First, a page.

7 – Supply Library Music (Much Like Stock Music)

Supply library music – Supplying library music is easy and fun to do especially if you already have a nice archive of music on board. Just be careful as to what you’re signing away when you agree to terms and conditions.

Some Library companies will want to own the track out right while other’s will not. If you don’t mind giving up your rights cool just make sure you’re being well compensated. I personally hate letting my music go (the rights to my music) but  honestly if the price is right I might have to.

 

8) Tunecore – You Must Take Advantage Of It

Use tunecore to get your music coded for video games such as Jam Legend or Rock Band. It’s simple, you upload your song and thousands of people use it while their playing there video game. The royalties are paid out per sell similar to mp3 albums and what not. I’ve been fortunate enough to rack in a couple thousands dollars using this avenue, you won’t get rich over night but it’s pretty lucrative.

 

Important things to remember when submitting music.

 

  1. Make sure you own the work
  2. Copyright/protect your music
  3. Never sign away your rights unless the price is right 
  4. Always be networking 
  5. Keep making music (never stop)

Please leave your questions and comments below

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7 Comments

  1. You really touched on some very interesting things here in this post.

    I find the bit about TuneCore very very interesting. I had no idea you could do such things on there.

    I do have one question. You said have and instrumental version of everything/ Im assuming you’re talking to artists when you say that. If an artists was to submit there song/instrumental without vocals, wouldn’t the producer of the instrumental need to be notified? Do they recieve royalties or something because I would think the song without vocals goes back to being the work of the producers unless they hand over all of the rights.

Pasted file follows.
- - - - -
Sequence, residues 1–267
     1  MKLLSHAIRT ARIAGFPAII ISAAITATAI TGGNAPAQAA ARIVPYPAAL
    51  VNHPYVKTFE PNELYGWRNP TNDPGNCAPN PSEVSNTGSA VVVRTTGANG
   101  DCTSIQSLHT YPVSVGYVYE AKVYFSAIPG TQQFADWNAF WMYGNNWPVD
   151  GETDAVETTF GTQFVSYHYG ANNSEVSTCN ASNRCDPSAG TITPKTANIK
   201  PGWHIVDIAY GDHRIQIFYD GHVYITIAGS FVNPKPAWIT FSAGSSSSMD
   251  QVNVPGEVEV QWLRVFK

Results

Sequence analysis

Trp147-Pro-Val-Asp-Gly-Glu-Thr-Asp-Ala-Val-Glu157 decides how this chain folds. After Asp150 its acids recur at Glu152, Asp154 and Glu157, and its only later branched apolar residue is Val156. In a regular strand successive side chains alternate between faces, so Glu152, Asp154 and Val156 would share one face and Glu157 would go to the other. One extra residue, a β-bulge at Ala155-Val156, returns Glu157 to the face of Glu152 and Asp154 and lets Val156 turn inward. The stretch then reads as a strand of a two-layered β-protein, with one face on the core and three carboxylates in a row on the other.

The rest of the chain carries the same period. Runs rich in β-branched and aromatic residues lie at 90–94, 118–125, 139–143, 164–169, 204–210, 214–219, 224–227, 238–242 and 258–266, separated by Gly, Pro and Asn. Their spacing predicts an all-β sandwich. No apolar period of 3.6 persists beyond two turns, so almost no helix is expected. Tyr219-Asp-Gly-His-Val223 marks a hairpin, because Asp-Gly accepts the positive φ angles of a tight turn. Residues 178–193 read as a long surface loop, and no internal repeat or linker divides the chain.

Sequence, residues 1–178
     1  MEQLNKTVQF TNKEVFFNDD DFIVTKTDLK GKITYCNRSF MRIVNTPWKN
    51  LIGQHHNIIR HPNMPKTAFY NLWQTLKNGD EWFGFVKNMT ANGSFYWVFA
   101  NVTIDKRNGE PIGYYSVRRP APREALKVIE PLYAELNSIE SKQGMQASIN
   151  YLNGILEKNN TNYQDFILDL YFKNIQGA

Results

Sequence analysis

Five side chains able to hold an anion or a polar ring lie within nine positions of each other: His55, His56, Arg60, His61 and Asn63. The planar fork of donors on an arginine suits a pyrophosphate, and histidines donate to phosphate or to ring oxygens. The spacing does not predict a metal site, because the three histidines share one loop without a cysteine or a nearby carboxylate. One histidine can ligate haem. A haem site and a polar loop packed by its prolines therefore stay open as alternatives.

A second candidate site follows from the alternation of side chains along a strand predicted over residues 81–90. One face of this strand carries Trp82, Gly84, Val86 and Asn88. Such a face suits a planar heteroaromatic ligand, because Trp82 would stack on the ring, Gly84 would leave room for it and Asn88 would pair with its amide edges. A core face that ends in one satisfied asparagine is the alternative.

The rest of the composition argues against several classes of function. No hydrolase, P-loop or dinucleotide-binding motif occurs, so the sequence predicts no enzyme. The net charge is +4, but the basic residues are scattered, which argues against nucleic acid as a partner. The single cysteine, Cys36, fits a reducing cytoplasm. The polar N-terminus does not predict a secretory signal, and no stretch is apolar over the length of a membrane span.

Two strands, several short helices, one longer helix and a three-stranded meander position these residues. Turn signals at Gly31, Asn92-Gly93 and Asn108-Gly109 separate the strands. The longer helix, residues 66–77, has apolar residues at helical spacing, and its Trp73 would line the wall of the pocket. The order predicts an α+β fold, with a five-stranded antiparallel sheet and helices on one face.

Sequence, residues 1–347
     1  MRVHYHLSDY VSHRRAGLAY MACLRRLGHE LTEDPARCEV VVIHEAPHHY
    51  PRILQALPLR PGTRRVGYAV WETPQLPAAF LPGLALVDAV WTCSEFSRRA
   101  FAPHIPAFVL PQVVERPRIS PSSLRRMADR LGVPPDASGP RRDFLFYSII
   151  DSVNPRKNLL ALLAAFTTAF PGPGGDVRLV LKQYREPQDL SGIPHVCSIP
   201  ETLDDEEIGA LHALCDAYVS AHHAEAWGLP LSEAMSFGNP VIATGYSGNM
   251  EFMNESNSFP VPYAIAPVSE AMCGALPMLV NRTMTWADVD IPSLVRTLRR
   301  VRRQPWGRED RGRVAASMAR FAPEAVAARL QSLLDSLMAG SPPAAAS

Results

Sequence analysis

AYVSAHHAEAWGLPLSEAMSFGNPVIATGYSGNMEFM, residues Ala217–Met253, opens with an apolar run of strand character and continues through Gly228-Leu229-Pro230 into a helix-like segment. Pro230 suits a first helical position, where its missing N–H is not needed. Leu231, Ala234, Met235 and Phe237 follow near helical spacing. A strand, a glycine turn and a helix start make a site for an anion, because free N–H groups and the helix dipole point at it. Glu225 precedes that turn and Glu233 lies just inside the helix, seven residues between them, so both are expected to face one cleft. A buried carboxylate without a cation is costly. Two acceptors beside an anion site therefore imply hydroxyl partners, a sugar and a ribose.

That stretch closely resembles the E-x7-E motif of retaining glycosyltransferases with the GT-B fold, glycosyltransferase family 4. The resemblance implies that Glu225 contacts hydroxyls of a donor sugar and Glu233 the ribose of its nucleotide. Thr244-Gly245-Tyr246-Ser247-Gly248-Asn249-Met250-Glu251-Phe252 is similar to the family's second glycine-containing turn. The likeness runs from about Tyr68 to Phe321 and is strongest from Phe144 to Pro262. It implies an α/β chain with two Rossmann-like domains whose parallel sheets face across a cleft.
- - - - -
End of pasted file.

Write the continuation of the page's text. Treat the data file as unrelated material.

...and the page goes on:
• Great question!

      Yes, that suggestion was more so geared toward those who have ownership of both or have legal right to shop the material.

      If you as a producer leased an instrumental to an artist, they (the artist) would need your permission to submit your material.

  2. Hi Greg,

    Great website. Just came across it and have already found it very useful.

    I have a question for you. I have been a producer and engineer (mostly bands) for over 10 years. I have recently teamed up with a talented musician to form a song-writing production company. Our aim is to write pop songs for artists to perform. As you know there’s a lot of competition out there and it could prove a lengthy process to reach our goals and become established. Luckily I have accumulated a series of contacts in my time and I will certainly use them.

    We’ve have built an introductory portfolio of songs to showcase our skills and we keep writing all the time. With this ‘showreel’ we are going to knock on many doors trying to get noticed.
    In the meantime we were thinking it certainly wouldn’t hurt to join a few music libraries in the hope to make some money.

    Right.. now to the main question.. Is it wise to upload songs (or instrumental versions of them) to music libraries if one those songs could later be picked up by an artist who may not like the idea that that piece of music has already been out here for a while and possibly even used on a TV commercial etc?

    The secondary question is.. Should we publish our songs on SoundCloud and make them public or should we have them as private and only allow in the people who we contact looking for work?

    Hope this makes sense. Any bit of advice would be much appreciated.

    Thanks Greg,

    Dario

  3. Great info Greg. One question tho. Why Tunecore? Wouldn’t CDBaby work or does Tunecore had special advantages?

    • Im also trying to find a way to sign up with Rumblefish. There isn’t a signup link on the site.

    • Hi KJ,

      I’m sure Cdbaby would work, but at the time of the writing, I knew more about Tunecore than CDbaby. What got Tunecore on my radar was their track record with games.

  4. Great information. Thank you